With over a third of all vehicle types now incorporating battery electric, hybrid and plug-in hybrid technology, UK car manufacturing is positioned for a sustainable future – if cash-strapped drivers are offered sufficient reason to buy, according to the chief executive of the Society of Motor Manufacturers and Traders (SMMT).
Speaking at the Automotive Industry Priorities 2024 webinar ahead of the latest UK manufacturing figures for 2023, Mike Hawes said electric vehicle volumes reached a record high in terms of volume in 2023 – although the market share slipped from 16.6 to 16.5%.
The SMMT is seeking government support to stimulate private consumer demand for electric vehicles and its preferred option would be to reduce VAT on electric vehicles which could potentially put an additional quarter of a million EVs on the road.
“When you look at diesel and mild hybrid diesel,” Hawes said, “you’ve seen this erosion in demand there supplanted by growth especially in hybrid, plug in hybrid and battery electric vehicles. But if you look at the growth both in terms of the market and in terms of battery electric vehicles, that growth is driven by business and fleet. They have incentives, the private consumer does not which is why we are asking for governments to reduce VAT on electric vehicles from 20% as is now and halve it for three years, taking it down to 10%.
“To a certain extent, the Treasury has had a windfall from the shift towards EVs because these vehicles are some 30-40% more expensive. That means the VAT receipts are 30-40% greater for the Treasury. By giving some of that back to the consumer so we can stimulate the private market and it will get to where we want to be.”
Latest SMMT figures for 2023 show total UK vehicle manufacturing, at 1.04 million units, was the best year since the 2019 pandemic.
“Obviously, this is nowhere near where we were four or five years ago,” said Hawes, “but we’ve seen structural changes taking place in the industry. “What we’ve seen is obviously the supply chain issues recede. They haven’t gone away but they have receded and that has enabled production to get back not – just in UK but in European terms – closer to where it was before the pandemic.
“The critical thing we need to grow the industry is to build up the supply chain. The UK actually produces just about every single component needed for an electric vehicle but we need to scale up and we need to scale up at pace because there’s a tremendous opportunity there. When we think about some of the trade challenges around rules of origin, the importance of local production, not just the finished vehicle, but of the parts and components that go in there to meet those requirements is critical.”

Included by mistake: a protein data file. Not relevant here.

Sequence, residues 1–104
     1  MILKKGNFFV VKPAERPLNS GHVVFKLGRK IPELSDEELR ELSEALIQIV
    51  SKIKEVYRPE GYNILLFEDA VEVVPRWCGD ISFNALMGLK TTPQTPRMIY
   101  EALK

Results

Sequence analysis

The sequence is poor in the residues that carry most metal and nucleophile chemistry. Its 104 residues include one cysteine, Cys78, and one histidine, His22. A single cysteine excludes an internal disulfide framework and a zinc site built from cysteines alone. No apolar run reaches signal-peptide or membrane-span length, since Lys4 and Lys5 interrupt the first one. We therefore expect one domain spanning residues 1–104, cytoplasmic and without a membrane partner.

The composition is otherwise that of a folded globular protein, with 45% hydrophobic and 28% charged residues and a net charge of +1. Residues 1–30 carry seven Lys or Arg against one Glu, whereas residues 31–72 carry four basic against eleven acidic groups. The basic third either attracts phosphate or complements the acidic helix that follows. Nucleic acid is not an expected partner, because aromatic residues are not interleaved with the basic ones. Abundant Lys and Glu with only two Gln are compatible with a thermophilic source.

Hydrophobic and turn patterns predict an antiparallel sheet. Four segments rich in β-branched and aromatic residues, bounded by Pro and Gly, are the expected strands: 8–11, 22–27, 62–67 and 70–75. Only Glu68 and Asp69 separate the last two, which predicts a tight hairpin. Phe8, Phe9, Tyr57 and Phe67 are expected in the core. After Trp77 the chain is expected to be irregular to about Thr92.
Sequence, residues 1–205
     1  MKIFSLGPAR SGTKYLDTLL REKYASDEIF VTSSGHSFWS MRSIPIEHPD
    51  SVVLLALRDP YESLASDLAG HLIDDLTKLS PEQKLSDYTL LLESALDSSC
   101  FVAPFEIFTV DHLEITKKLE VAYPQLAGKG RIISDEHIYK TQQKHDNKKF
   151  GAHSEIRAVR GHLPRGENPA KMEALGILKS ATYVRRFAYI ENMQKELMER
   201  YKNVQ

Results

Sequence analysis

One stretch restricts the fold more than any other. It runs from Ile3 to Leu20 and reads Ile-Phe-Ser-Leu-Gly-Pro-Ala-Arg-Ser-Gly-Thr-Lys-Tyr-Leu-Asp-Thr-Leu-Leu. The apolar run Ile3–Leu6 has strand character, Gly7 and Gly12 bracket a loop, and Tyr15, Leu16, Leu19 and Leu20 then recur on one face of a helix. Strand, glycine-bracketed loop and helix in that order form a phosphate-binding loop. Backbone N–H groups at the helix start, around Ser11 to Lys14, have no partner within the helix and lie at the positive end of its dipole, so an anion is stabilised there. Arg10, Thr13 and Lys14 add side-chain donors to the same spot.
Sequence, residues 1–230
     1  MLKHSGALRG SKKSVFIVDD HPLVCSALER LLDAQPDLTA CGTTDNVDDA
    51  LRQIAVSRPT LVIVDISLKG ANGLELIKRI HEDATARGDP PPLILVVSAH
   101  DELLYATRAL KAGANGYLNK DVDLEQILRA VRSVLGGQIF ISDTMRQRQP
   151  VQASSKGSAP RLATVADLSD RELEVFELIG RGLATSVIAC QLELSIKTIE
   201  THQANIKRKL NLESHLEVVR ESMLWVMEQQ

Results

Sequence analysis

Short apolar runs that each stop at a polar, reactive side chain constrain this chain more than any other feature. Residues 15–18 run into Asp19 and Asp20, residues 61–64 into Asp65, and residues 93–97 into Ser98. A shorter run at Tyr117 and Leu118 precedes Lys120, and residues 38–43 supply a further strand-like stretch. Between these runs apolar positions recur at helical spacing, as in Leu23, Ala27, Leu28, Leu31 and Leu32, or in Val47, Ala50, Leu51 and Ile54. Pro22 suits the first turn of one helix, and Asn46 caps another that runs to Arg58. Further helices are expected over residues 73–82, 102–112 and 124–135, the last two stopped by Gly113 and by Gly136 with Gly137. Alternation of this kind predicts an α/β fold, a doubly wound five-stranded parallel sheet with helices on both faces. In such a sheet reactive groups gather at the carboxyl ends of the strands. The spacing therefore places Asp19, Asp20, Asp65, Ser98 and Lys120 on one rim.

He spoke of a ‘complete change in positivity’ in manufacturing sentiment as a result of some £2.4bn worth of investments in gigafactories and EV production. “That’s more than something like the last seven years put together. It has been a fantastic last year and the importance of that cannot be underestimated.”
“For many years securing investment for the UK was really challenging because we didn’t know for four years while Brexit negotiations continued. We had political uncertainty, economic uncertainty. We now have a lot more stability.”
In terms of the impact of a forthcoming General Election, he said the industry view is that the UK remains a strong and a good place to invest and pointed out that of the £4.5bn of central funds destined for UK manufacturing, over £2bn went to automotive.
“We are not the biggest manufacturing sector in the UK but we got the lion’s share of that money because the importance of this sector to net zero, to jobs, to security, to economic growth is recognised.”
“While the Conservative Government has established a set of policies which are the building blocks for supporting the industry, that’s something that we obviously want to see continue whoever wins the next election. A lot of what Labour is saying would be an endorsement of what of what it is that we are seeking.”
He noted that in October, the Labour Party published a plan for the automotive sector, the first of its sector plans. “If you read through it, it contains a lot of what we’re asking for. Perhaps that is no accident because we’ve had very good engagement with Labour in the same way we’ve had very good engagement with ministers.”
“We see Labour doing things a little differently. It will want a more positive relationship with Europe and there’s a chance to reset. Given that there’ll be a change of parliament in Europe and potentially a change of government here, Labour may look at incentives to recommit to net zero.”
“Certainly, the engagement we’ve had with gives us a degree of encouragement should they form the next government. If they don’t? Again, our engagement with ministers have been incredibly supportive.”